Cordelia switched it off, hummed a bar or two of 'Every Time We Say Goodbye' with Ella Fitzgerald and thought about the soke and its elderly owner, who was clearly thrilled at the prospect of being written up for Country Illustrated. She'd spoken to him on the telephone and he sounded an absolute sweetie. She did a quick mental check-up: had she remembered to pack the spare batteries for her tape recorder? She pulled off at the Sedgemoor service station and got out so as to give McGregor a run. Whilst he paced elegantly along the hedge line, Cordelia removed the small square of sodden paper from behind the windscreen wiper. It almost came apart in her fingers but she could see patches of bright colour and she tried to smooth it flat on the bonnet of the car, squeezing out the moisture, puzzled as to how it could have become wedged. She guessed that it might be an advertisement, tucked there by somebody in the supermarket car park, but she was surprised that she hadn't noticed it before. The rain had done its work and it was impossible, now, to guess at what it had been. She scrumpled the fragment and put it into her pocket. The rain had stopped and gleams of watery light slipped between the rags of cloud that were blown before the south-westerly wind. She opened the door for McGregor to scramble on to the back seat and then went to get a mocha and a pain au chocolat.
Angus phoned just after she'd turned off the M5 at Junction 13 and was heading towards Stroud. She pulled in at the side of the road and picked up her mobile.
'Where are you?' she asked. 'Have the boys gone?'
'Yes, they're safely en route. Don't worry. The coast is clear. I'm on my way to Tewkesbury, hoping to moor up overnight in the marina. You've got the map?'
'Yes. I'll phone when I've finished at the soke. I've no idea how long it might take. Did they love the narrowboat?'
'It was a huge success. We've all agreed that we want to do it again. Speak later then? Good luck.'
She drove on through Stroud and into the lanes that led to Frampton Parva, stopping once or twice to check the directions. As she turned into the lane signposted to the village she saw the soke at once and pulled on to the verge under the hedge. It stood across the fields at the end of its own drive; golden stone, three storeys high, mullion windows, and, only a few yards further along the lane, a tiny, beautiful church. The combination of church and house was quite perfect and she wondered if the photographer had spotted it.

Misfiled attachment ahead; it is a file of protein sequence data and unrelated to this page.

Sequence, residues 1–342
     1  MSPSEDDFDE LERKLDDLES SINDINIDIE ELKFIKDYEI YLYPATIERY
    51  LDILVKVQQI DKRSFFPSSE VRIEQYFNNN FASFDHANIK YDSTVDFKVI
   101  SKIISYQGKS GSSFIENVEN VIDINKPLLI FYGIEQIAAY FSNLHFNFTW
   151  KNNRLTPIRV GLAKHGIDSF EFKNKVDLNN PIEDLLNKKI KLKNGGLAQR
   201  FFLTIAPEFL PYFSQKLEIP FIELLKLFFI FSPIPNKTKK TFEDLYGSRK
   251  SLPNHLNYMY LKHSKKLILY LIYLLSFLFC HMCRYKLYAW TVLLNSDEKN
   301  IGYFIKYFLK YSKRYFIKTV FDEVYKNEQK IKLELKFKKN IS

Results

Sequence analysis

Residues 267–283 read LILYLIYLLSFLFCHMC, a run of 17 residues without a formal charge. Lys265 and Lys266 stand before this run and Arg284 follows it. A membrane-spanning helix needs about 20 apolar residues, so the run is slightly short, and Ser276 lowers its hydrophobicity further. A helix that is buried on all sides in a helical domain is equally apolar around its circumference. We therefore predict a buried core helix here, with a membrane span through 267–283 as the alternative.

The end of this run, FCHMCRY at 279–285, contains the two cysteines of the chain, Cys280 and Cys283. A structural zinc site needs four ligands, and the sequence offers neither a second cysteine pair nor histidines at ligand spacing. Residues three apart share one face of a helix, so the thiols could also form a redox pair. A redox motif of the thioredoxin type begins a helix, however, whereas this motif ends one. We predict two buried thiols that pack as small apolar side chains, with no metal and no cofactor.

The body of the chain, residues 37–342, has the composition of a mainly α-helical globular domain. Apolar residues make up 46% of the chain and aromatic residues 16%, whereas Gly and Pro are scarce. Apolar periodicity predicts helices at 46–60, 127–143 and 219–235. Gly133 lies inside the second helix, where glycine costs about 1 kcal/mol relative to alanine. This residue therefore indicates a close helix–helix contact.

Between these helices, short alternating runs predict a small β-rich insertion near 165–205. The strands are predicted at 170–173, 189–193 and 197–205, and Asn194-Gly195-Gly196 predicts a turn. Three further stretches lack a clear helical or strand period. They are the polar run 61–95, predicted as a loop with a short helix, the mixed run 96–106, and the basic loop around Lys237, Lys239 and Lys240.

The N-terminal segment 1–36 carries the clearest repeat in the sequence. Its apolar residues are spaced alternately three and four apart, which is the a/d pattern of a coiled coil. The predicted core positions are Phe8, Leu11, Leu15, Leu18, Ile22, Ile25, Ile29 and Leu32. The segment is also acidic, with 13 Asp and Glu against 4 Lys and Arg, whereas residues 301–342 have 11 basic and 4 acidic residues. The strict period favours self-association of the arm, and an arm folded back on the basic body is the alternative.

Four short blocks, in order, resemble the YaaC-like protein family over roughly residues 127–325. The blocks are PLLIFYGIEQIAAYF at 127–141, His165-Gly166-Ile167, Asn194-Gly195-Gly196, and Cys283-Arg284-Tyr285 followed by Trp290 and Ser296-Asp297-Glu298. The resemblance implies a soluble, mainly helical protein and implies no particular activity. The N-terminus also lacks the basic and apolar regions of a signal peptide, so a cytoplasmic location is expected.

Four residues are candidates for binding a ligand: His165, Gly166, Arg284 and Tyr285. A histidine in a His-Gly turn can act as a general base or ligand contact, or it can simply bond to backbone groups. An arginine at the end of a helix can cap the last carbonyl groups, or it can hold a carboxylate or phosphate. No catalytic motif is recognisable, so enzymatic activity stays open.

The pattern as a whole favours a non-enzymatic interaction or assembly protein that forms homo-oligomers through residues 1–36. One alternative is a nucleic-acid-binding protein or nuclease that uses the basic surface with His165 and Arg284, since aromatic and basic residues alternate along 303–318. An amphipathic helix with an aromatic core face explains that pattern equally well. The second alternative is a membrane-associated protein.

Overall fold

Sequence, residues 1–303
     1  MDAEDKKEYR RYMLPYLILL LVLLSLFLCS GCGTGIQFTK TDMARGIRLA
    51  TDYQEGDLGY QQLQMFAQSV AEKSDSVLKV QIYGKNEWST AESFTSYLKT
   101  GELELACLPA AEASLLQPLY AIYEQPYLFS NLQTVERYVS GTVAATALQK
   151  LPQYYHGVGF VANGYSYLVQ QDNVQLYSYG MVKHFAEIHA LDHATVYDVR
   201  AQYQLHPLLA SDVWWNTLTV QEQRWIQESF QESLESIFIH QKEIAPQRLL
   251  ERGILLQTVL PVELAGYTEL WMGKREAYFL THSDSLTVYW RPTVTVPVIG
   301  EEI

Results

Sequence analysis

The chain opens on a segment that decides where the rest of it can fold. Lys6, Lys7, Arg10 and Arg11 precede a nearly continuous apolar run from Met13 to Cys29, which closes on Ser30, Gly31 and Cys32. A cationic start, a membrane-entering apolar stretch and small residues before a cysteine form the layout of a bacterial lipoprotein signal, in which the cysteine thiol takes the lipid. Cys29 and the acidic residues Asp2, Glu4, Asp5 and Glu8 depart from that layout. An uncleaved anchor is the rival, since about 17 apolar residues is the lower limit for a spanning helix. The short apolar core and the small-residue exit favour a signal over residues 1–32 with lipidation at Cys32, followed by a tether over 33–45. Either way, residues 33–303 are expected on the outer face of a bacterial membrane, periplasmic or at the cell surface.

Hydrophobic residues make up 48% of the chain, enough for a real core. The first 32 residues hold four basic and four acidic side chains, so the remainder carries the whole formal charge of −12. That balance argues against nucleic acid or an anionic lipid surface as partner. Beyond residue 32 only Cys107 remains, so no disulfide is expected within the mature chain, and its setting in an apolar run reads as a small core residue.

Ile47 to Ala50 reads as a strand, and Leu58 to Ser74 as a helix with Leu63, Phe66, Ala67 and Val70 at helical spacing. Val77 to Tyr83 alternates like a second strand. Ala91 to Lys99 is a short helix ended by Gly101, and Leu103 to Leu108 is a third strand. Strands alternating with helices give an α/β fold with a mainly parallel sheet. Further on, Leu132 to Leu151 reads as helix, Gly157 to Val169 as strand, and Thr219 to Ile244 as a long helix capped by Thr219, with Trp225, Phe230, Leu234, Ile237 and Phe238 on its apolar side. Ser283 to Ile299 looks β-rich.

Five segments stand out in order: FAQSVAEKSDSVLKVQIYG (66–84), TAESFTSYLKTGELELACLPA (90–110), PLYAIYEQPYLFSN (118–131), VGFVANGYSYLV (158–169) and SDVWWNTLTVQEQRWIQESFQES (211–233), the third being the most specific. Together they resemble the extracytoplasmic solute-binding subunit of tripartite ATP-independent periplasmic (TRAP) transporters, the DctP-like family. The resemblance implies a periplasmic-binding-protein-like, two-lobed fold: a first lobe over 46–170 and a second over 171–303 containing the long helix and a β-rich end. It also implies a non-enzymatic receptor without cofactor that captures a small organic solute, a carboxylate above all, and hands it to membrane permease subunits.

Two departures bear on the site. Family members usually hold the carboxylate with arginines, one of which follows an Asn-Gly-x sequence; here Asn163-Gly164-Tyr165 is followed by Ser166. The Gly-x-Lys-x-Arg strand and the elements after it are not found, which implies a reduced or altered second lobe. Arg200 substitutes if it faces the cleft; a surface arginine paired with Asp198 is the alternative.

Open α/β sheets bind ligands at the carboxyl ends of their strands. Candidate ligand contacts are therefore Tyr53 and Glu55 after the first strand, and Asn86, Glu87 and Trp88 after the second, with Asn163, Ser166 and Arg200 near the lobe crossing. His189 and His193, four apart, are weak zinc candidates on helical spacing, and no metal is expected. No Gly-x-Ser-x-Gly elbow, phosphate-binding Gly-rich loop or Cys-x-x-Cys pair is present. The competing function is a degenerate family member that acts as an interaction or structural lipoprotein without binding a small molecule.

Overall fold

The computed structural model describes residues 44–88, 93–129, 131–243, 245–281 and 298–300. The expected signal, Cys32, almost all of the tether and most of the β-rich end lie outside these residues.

Cordelia let McGregor out, knowing that he might have to wait in the car for some while, and stood enjoying the scene and the warm sunshine. Now she could see two figures moving outside the soke: one gesticulating, the other slung about with equipment. So the photographer had arrived; she hoped it was Will Goddard. She liked working with Will. She put her hands into her pockets and her fingers came into contact with the ball of paper. She took it out and tried to flatten it into some kind of identifiable shape. It was drier now and she could just make out a picture. It looked like a poorly photocopied photograph; two people in an imposing doorway, at the top of some steps – a hotel, perhaps? – turning towards each other. She half recognized the embroidered denim jacket as her own, but why should it be? Cordelia turned it over to see if there might be some clue on the back of the paper. There had been something written there but the ink was smudged and illegible. She folded the paper more carefully this time and dropped it back into her pocket.
McGregor came loping towards her and she coaxed him into the car with the promise of a biscuit and settled him again. She checked her bag: tape recorder, notebook, pencil; ran her eye over a list of questions to refresh her memory and drove down to the gateway of Charteris Soke.
Three hours later, on the narrowboat, while Angus made tea, she described the soke: the courtroom with its beautiful judge's seat set within an ancient, barred window, the carved stone fireplace with its coat of arms, and the secret door to the tower, which had once been a fortified treasury; and its charming owner whose family had lived there for centuries.
Presently she stretched and looked about her appreciatively.
'This is fun,' she said. 'And we've got all day tomorrow to ourselves. What bliss.'
'I thought we'd go upriver to Pershore,' he said. 'Let's hope McGregor likes being a water-gypsy. Does Henrietta know where you are? How is she acclimatizing to house-sitting on the Quantocks after her busy life nannying in London?'
Cordelia made a face. 'With difficulty. My poor daughter is in shock but coping.'
'I know you told me about it on the phone but I've lost the plot a bit. What exactly happened?'
'Oh, it's just so sad. Susan and Iain–that's the couple Henrietta works for – have split up. Apparently Iain's been having an affair for ages and poor Susan hadn't the least suspicion until he said he was leaving. It's been a frightful shock for everyone. Well, Susan's parents were planning to go to New Zealand to see their other daughter and they decided that the best thing was simply to take Susan and the children with them to give everyone a breathing space. They all went off last week.'